If you need to abandon a sewer to make site remediation works easier or remove a restriction from future development, we may close part of the public sewer network.
Before closing a sewer, we need to be absolutely certain that it's no longer in use or required.
This usually requires a closed circuit television [CCTV] survey of the public sewer and any private drainage connections, together with written evidence. For a closure to take place, a manhole is required at the new 'head' (i.e. upstream point) of the public sewer. If there's no existing manhole, a new one needs to be constructed to meet our requirements. Once a public sewer has been closed, we usually issue a certificate. Once issued, the sewer must be abandoned as soon as practicable. This will be monitored by our inspector.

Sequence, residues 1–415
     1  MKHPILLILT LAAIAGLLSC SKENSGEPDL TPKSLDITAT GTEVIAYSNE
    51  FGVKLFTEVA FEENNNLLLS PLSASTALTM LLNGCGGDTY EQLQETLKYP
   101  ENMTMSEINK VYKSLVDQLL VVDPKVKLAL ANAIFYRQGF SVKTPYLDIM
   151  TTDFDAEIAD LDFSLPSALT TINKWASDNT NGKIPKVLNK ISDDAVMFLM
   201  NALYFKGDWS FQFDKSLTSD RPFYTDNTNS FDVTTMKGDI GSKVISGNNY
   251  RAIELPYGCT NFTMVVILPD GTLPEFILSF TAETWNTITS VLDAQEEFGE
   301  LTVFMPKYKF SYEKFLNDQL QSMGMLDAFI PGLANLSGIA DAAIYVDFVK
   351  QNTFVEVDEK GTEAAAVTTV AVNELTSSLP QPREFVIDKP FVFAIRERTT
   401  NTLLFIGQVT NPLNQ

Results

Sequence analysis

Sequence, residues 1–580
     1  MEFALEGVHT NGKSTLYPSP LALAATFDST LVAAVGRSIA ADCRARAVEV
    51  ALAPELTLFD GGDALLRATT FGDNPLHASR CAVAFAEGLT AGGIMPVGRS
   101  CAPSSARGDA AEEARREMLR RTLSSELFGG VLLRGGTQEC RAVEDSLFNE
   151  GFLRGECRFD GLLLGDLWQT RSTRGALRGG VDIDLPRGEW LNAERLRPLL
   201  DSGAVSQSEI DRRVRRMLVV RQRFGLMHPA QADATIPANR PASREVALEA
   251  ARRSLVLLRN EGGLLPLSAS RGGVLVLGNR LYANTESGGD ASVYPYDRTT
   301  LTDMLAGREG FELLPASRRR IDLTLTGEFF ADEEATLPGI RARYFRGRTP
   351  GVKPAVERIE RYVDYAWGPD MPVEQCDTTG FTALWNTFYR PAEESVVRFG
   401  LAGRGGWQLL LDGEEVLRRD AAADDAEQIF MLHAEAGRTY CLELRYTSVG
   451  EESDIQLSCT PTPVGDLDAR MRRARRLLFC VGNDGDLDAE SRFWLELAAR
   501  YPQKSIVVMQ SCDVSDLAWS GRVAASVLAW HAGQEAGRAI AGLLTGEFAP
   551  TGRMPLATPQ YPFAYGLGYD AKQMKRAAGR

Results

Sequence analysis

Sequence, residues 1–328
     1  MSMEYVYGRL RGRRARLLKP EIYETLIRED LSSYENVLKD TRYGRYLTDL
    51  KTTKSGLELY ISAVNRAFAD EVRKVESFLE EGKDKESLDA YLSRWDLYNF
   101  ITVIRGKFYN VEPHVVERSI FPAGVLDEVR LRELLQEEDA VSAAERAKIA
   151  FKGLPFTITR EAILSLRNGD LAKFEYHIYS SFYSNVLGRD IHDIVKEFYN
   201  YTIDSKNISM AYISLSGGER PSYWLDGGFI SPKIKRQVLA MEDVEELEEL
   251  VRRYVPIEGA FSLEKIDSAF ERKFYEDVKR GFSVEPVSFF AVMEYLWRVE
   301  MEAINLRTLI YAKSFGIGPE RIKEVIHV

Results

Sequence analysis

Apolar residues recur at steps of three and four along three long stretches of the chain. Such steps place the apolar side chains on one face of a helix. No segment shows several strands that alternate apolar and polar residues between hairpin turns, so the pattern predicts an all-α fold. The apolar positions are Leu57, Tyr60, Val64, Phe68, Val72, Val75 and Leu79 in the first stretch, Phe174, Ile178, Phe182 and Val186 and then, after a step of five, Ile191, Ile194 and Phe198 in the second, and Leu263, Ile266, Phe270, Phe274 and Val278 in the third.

Our preferred method for abandoning a sewer is for it to be grubbed up (excavated) together with any redundant chambers. Where this isn't practical, the closed public sewer should be sealed and filled with grout.
We'll update the Statutory Sewer Map to reflect any closure. Generally, grubbed up sewers are removed from the map and grouted ones are shown as abandoned.
All of the costs involved in a public sewer closure are the responsibility of the applicant.
Following any formal closure of a public sewer, the abandonment works (i.e. grubbing out/grouting up etc.) are at the applicant/developer's expense and are usually carried out by them to our satisfaction.
Even when a public sewer is closed, it remains our responsibility and can't be transferred to private ownership.
You will need:
- Existing site layout
- Camera survey
- Method statement and risk assessment
- Any additional information that might support your application.
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